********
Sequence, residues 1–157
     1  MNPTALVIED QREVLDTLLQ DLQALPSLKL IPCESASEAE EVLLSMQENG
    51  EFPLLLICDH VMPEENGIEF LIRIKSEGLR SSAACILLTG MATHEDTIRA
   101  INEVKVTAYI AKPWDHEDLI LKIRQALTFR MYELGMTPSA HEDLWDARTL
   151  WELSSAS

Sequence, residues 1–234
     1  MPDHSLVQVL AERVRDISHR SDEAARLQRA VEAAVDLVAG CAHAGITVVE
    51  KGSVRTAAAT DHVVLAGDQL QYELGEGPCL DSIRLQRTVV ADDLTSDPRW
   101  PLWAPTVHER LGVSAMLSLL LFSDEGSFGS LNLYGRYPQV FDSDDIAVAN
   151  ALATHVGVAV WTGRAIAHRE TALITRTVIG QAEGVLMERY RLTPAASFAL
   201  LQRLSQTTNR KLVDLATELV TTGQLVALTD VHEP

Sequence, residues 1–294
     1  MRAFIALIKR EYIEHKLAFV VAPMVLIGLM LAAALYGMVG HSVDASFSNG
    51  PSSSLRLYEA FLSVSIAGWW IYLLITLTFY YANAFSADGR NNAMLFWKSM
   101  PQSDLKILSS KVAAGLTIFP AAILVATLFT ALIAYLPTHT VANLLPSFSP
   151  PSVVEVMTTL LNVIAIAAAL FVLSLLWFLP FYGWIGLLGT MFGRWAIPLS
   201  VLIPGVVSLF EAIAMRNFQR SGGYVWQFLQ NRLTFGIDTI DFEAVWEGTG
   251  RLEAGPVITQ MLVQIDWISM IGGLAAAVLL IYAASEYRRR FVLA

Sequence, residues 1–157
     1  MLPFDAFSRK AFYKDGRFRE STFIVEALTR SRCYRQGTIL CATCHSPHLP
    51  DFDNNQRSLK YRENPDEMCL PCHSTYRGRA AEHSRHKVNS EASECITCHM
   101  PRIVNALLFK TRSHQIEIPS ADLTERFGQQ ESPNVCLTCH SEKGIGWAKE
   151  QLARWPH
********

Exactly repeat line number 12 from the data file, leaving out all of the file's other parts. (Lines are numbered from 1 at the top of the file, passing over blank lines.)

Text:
Sequence, residues 1–294